Margaret, the daughter of an exiled prince and granddaughter to Edmund Ironside, was raised in the strictly religious Hungarian court. Her father is called back to England, but dies shortly after and following a series of events she and her family leave England and travel to the court of King Malcolm III of Scotland for protection. However safety comes with a price that only she can pay with her hand in marriage. As dutiful as Margaret is, she is less than thrilled at marrying this rough, brutish man who ignores and disgusts her but resolves herself to the inevitable and vows to be the best queen possible. It's hard to think that with the rocky start to their relationship and given that they seem to be total opposites, Margaret and Malcolm have one of the most successful (with all of their eight children living to adulthood)and happy marriages in royal couple history. And though the people of Scotland did not want a Saxon queen, they come to love her for her charity and kindnesses. After reading about the innate goodness in Margaret, it comes as no surprise to me that she is now known as a Saint.

In Queen Hereafter we also reunite with Lady MacBeth and meet her granddaughter, daughter of the murdered King Lulach, Eva. Eva, an accomplished bard, knowing her destiny lay elsewhere, she leaves the court of her grandmother and answers Malcolm's summons that she come to his court as a royal hostage to keep Lady MacBeth in check and behaving. As Malcolm is Lady MacBeth's enemy she is loath to send her beloved granddaughter to the lion's den, but word has come to her that Malcolm has commission a historical account which would not paint MacBeth and Lulach in very glowing terms and Eva could be in a position to secretly find out more about the document. But when Eva and Margaret grow close she begins to feel bad about betraying her new friend and when she gets caught its Margaret who will seal her fate.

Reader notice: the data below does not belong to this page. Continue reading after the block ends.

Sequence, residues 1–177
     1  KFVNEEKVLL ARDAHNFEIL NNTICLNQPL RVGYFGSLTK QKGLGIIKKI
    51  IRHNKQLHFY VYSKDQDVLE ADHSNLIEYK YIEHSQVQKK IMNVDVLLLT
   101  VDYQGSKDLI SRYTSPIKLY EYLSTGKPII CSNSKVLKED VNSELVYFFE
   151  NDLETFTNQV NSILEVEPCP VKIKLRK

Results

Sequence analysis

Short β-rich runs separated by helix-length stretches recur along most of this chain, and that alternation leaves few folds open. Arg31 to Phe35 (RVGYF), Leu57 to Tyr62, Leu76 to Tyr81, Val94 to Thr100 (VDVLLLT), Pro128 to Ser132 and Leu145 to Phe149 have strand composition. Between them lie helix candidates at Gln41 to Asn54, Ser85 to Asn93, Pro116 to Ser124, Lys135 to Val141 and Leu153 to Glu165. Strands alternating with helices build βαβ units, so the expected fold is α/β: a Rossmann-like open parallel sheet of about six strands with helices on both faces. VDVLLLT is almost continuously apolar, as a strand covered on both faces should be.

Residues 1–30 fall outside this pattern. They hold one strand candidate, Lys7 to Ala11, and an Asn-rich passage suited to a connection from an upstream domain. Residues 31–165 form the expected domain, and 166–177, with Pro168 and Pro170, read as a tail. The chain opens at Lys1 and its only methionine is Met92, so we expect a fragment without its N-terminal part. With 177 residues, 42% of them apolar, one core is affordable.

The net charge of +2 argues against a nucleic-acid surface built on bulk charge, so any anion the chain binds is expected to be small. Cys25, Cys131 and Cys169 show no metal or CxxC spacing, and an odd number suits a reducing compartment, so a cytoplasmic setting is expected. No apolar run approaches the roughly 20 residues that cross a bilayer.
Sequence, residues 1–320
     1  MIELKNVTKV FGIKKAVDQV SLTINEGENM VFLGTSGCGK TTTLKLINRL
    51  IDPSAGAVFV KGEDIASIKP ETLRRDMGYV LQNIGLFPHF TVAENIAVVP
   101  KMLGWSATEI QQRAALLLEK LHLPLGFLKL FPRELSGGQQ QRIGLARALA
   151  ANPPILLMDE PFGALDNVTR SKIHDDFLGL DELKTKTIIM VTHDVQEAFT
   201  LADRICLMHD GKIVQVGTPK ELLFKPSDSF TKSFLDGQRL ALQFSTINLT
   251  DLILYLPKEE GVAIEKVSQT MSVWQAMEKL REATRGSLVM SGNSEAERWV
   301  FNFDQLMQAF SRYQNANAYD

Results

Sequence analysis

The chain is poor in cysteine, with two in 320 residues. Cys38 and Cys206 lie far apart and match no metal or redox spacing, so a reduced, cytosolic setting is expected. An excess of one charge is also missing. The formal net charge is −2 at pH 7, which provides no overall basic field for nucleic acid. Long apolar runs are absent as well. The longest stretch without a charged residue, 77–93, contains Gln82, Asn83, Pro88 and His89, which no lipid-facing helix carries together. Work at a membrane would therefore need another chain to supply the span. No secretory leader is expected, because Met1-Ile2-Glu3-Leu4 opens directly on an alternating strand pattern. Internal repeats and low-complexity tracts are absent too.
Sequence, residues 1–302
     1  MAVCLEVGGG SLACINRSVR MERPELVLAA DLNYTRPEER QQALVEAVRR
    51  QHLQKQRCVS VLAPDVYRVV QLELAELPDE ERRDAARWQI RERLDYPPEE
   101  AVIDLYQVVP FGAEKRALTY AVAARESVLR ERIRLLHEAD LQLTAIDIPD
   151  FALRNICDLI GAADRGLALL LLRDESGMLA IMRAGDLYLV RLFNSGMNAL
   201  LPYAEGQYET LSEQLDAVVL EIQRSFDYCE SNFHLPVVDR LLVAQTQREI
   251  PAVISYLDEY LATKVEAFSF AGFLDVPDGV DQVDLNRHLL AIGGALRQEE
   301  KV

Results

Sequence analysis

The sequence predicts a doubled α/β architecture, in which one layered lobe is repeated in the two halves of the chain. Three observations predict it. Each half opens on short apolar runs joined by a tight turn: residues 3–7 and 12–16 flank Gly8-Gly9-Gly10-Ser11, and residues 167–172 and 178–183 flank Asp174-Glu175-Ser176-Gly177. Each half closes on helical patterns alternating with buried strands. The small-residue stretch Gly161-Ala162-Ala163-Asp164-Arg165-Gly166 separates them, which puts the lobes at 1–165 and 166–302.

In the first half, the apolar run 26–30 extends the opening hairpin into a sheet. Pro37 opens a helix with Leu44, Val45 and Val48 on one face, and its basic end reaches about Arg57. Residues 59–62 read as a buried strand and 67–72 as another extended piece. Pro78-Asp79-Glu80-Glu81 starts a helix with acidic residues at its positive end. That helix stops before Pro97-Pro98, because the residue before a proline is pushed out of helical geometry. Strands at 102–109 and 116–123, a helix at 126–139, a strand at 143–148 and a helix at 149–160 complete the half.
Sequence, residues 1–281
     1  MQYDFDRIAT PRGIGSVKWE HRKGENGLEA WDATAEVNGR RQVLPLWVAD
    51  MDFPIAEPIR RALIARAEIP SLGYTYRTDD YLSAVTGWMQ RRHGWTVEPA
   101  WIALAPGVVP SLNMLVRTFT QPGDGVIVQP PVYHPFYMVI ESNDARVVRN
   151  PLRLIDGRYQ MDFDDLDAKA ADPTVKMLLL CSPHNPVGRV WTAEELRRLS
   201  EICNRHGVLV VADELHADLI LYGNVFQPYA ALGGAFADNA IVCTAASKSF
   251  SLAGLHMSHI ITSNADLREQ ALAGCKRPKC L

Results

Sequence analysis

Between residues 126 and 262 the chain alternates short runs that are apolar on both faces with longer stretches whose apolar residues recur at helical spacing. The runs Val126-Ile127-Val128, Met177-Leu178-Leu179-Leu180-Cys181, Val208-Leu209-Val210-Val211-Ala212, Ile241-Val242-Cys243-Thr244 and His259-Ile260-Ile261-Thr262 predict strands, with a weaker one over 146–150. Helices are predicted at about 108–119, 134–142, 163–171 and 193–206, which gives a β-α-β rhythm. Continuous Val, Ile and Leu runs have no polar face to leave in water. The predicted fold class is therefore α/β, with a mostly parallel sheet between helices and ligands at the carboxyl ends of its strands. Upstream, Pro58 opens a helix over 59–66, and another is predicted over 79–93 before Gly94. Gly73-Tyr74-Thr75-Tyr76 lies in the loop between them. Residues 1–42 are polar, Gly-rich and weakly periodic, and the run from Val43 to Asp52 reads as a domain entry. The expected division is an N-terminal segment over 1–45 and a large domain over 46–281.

Wonderfully written and hard to put down Queen Hereafter is a fantastic read that I highly recommend to any lover of historical fiction!
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1 of 1 people found the following review helpful
3.0 out of 5 stars Decent portrayal of this saint, March 17, 2013
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Nick (Davenport, IA United States) - See all my reviews
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After reading Lady Macbeth, I was hoping for an equally moving piece. Don't get me wrong, this book is a great read but never pulled me in as the previous novel. Perhaps I was too soured because of Malcolm.
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Queen Hereafter: A Novel of Margaret of Scotland
Queen Hereafter: A Novel of Margaret of Scotland by Susan King (Hardcover - December 7, 2010)